A-Our fate is in our hands! Who we are has nothing to do with UN recognition. Let us be realistic and stop this tingling game with a road to nowhere. Look around history and you find visible reasons not to pose such a question again. And by the way, if the flag and anthem were securely locked up somewhere in a shelf, you of course wouldn’t have been aware of it. The fact that it is brought up for discussion means, they are visible, tangible and public symbols that are taken seriously. On another note, the flag and the anthem were not invented in the Diaspora. They have simply been made more prominent by Diasporas’ using the social media with its outreach. In real terms there is a country call Southern Cameroons. This country is simply under physical occupation by LRC. The act of occupation does not in any way extinct statehood especially when there is public opposition and resistance against that occupation. History presents itself as a good template for us to view events. And the history of occupation has been such that very few occupiers have successfully maintained occupation without the consent of the occupied. Colonialism has been the most acute form of occupation. At a time when movement and opportunities for the colonized was strictly determined by the colonial authorities, resistance against colonialism prevailed. Since the All Anglophone Conference (AAC) of 1993 and 1994, the level of consciousness and awareness of our plight and the vestiges of the occupation has been on the rise. The single story narrative of ONE CAMEROUN which has been forced and peddled by Yaoundé has been challenged in courts of law, academic writings and the street. The Southern Cameroons quest for statehood is no longer a taboo subject and most importantly our fate as a people does no longer depend solely on how Yaoundé acts or think. The passport only makes this case more visible and concretizes in a small but significant way both the concepts of nationhood and statehood. 

 Q Why a Southern Cameroons passport now and what point are you trying to make?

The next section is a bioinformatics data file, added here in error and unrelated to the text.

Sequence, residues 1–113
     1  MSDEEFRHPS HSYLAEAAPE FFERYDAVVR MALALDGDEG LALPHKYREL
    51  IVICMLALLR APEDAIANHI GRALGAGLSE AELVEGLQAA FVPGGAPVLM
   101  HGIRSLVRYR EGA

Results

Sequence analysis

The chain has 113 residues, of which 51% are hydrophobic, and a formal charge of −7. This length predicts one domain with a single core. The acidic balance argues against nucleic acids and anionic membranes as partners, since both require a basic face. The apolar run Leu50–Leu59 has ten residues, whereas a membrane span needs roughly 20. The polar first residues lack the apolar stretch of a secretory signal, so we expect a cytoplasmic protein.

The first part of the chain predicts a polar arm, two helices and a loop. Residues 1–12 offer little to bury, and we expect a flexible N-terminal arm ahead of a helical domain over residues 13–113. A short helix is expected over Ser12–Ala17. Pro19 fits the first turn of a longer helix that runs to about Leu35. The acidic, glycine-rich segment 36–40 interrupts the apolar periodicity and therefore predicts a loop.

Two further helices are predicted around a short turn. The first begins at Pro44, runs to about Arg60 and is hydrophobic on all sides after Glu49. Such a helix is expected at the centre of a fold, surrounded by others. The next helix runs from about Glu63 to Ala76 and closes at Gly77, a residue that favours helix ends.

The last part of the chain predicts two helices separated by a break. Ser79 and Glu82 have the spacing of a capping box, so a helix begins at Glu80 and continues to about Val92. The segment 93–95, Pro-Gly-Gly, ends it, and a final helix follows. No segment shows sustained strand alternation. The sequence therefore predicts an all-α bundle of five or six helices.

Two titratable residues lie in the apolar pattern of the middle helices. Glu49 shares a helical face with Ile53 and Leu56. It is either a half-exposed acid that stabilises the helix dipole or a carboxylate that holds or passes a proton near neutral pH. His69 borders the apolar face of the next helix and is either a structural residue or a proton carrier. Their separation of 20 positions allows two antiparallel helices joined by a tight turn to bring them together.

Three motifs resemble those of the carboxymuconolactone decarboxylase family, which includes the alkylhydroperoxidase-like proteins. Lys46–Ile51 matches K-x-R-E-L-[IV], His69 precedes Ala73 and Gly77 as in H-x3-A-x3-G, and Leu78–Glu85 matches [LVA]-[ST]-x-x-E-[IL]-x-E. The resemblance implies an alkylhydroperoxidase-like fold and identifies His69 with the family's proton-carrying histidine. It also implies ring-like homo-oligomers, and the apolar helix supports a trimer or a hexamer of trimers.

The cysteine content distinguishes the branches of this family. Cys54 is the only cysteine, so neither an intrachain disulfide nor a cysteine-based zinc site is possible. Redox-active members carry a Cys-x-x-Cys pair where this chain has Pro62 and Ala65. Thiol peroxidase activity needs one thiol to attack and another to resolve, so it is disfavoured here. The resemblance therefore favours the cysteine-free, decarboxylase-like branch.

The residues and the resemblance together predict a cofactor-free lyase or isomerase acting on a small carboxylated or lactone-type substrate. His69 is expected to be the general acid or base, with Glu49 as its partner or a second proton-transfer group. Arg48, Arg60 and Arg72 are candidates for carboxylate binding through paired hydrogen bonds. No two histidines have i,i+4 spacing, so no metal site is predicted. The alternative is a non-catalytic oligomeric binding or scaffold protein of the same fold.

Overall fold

A-Is there a fixed time in history for a people to re-escalate their identity of oneness? Or do we need permission from somewhere to take a dramatic shift in our pursuit for external self-determination.

Q. How many people own a Southern Cameroons passport now?

A-About fifty as of today 

Q. Lastly, where do we go from here after the release of a S C passport?

A-This question has been asked every time that there is a shift in our struggle and the responses have been more flamboyant than realistic. The annexationist regime has been at war with our people for decades. And in this war, we have made substantive progress, won and lost some battles. So, to you and to all the people of goodwill out there, it is necessary for me to say that anyone waiting for the United Nations or the African Union to intervene in our struggle in any form whatsoever based on our aspirations is dreaming a dream they would never woke up to its realization. It is regrettable to say that the only reason Ukraine has become a focal point in East-West relations is because blood has been flowing on the streets; and the people of Taiwan and Kosovo or the Palestinian Authority did not walk their way to their present status by simply talking, organizing meetings and conferences in and out of their homelands or participating in numerous forums online. They did this through blood and iron and this is certainly where we have to go from here. However prepared I am for this sacrifice, I can certainly do it only if each one of you out there, keep away their cloth of group-thinking, wear the cap of true radical nationalism and throw your support behind me. You might not like the man Akwanga, but now is not the time to put your fate and those of millions of others in those you like – instead you must now commit yourself entirely to your people and country, and to one person you know deep in your hearts that you can trust at this critical juncture of our struggle to deliver the goods of freedom.